This forced me to change my initial design. Most loop builders indicate that they’ve gotten better results with the capacitor at the top of the loop and the driven element at the bottom. That was out based on the weight. And I originally hoped to get some height off the ground with a simple mast or tripod. Things would also be too top heavy for that.

I decided to turn the size of the capacitor from a weakness to a strength. Instead of attaching to a mast, I would create a base unit that could stand on its own. The weight of the capacitor itself would help stabilize the antenna. The base could then be placed on a picnic table, the roof of a parked car, or even an upside down bucket for actual usage.


I wanted my design to be portable in several ways. Many designs out there involve making an 8 or 16 foot high octagon out of copper pipe that has been braised together! I wanted something that I could throw in to my car and hopefully try a POTA excursion one day. And I at least wanted to be able to get the thing inside my house or garage without having to take a cutting torch to it!

Based on this, the main loop is just good old RG-213 coax with the shield acting as the loop. I can coil up the loop when not in use. As an added bonus, this allowed me to make different swappable variations of loop sizes easily.


This antenna is intended to be used on site temporarily. It’s not intended to be mounted permanently. As such I tried to make it a little weather resistant in case there’s some light rain, but made no attempt to make it fully water or wind proof. If storms are coming the antenna goes inside.

No Motors

Many designs include a motor that spins the tuning capacitor at a distance. Some include a rotator to take advantage of the antenna directionality.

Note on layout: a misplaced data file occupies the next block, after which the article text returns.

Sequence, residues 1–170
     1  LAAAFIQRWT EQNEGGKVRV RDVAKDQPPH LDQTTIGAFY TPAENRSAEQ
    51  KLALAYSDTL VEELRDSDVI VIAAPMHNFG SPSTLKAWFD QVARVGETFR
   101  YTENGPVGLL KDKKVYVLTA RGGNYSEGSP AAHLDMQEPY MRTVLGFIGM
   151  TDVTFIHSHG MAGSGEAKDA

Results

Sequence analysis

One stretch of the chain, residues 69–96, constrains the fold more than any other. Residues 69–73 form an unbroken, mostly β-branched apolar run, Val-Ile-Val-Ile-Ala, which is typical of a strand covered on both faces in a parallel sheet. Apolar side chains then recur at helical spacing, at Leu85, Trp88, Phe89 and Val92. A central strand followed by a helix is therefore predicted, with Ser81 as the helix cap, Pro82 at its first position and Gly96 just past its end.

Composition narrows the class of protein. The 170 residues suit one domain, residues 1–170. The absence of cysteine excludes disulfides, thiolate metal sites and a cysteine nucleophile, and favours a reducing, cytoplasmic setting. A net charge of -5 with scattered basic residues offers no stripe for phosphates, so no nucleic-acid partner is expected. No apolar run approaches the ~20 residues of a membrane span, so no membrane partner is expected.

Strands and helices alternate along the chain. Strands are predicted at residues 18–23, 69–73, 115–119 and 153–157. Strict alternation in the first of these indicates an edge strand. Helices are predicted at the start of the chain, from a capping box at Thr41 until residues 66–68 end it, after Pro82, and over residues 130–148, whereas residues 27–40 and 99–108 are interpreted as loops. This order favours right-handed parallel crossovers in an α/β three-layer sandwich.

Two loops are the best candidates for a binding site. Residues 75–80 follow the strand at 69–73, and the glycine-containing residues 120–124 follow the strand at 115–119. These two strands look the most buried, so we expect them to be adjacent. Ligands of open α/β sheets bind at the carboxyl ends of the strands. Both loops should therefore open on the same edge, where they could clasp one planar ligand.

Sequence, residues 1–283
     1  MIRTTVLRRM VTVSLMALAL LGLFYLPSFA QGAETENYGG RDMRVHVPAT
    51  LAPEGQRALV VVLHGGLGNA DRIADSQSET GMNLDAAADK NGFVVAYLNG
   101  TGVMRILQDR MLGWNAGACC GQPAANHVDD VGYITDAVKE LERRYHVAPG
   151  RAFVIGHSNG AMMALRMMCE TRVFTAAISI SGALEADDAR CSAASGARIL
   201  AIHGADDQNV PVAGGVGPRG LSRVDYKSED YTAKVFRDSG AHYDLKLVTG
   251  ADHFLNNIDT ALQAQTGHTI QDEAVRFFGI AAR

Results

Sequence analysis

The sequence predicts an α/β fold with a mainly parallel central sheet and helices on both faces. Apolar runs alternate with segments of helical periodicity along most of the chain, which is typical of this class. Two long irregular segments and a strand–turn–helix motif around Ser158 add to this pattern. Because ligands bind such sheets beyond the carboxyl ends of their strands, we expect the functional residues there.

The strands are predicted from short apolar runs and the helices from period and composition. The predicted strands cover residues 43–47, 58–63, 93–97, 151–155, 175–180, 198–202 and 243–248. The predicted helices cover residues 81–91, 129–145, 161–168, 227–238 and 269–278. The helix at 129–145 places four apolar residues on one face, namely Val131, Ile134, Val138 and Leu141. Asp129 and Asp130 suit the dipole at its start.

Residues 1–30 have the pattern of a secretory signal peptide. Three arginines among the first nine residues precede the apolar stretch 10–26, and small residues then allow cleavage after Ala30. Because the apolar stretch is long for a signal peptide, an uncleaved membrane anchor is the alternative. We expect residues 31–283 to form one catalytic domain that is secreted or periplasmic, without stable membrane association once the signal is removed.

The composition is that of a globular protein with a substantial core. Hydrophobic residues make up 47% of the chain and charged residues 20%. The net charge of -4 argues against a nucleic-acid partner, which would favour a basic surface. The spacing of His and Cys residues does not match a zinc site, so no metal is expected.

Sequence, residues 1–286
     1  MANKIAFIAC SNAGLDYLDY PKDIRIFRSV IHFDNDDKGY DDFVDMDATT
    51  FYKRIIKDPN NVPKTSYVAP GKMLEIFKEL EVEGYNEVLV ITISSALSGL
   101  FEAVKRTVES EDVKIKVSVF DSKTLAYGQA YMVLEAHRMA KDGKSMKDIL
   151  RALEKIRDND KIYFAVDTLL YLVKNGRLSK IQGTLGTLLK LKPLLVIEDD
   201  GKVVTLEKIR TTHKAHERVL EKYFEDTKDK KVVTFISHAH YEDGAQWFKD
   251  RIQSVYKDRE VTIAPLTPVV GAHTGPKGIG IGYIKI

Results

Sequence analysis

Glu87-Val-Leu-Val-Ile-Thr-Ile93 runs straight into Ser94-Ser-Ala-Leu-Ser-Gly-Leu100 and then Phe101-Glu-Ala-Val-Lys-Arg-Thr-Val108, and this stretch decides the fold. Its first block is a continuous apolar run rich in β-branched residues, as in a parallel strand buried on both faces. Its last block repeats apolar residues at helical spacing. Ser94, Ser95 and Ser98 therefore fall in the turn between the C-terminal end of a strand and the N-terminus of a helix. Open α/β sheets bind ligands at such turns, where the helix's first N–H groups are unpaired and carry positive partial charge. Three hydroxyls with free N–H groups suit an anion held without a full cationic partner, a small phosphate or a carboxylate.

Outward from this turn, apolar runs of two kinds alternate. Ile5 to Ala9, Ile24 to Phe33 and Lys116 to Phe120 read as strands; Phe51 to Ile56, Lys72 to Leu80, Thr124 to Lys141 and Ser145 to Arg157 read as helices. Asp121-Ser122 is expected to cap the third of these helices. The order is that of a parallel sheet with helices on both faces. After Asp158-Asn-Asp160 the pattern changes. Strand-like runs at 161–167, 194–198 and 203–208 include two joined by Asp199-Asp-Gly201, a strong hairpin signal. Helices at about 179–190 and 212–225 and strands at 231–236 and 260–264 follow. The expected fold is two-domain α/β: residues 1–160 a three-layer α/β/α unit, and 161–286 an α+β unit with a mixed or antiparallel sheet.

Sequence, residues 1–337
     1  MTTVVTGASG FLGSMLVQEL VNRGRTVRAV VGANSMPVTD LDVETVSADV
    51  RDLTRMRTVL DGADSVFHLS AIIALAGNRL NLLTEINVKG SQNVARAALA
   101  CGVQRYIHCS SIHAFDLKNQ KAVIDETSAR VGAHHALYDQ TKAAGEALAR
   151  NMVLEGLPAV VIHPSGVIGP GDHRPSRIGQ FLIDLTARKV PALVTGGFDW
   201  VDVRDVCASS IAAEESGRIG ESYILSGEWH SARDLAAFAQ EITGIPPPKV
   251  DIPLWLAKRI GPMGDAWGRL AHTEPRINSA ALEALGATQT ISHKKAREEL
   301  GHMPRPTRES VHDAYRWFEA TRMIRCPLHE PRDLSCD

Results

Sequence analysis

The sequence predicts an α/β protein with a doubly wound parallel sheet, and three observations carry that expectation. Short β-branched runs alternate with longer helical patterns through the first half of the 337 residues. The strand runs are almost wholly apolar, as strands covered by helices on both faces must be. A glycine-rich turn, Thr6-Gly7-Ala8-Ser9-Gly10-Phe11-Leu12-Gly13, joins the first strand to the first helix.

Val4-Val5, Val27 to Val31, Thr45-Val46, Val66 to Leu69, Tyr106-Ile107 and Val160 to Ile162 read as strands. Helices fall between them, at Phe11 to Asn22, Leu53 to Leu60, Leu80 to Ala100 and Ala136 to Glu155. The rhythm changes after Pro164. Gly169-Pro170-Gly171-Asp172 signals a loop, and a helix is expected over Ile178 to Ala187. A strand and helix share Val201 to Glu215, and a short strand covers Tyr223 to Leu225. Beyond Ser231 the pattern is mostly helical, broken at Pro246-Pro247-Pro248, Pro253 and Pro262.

I had serious problems with a motor attached to a smaller capacitor on a previous antenna. It caused all kinds of stray capacitance and bizarre changes to SWR at random inexplicable times. I didn’t know if it was the control cable for the motor, the coils of wire in the motor, the connection to the capacitor, or what.

For now I will tune the antenna by hand, and position it by hand. This can be a little annoying, but I don’t intend to hunt-and-seek contacts. I plan to sit on a frequency, such as an FT8 frequency, or possibly calling CQ on a single frequency in a future POTA excursion. And running FT8 has worked just fine.

I’ll probable reconsider this at some point, but at least then I will have a good handle on my baseline expectations for the antenna and a better feel for if and what problems are caused by a new motorized attachment.


Capacitor Mounting and Base

As I mentioned, when my capacitor from Ukraine arrived after six long weeks, it was bigger than I expected by far! But I was ready to get to work. So I went to my local big box hardware store and found a 12 inch by 12 inch plastic electrical junction box. If I had been more patient, I probably could have found something cheaper.

To make the basic base first mount the SO-239 adapters:

  1. Mark the centers of the adapters on the outside of the base.
  2. Drill pilot holes.
  3. Drill out the large holes until the threaded part of the SO-239 can fit through them.
  4. Insert the adapter through the hole backwards, so it faces inside the case. Mark the location of the four mounting holes in the adapter. Remove the adapter.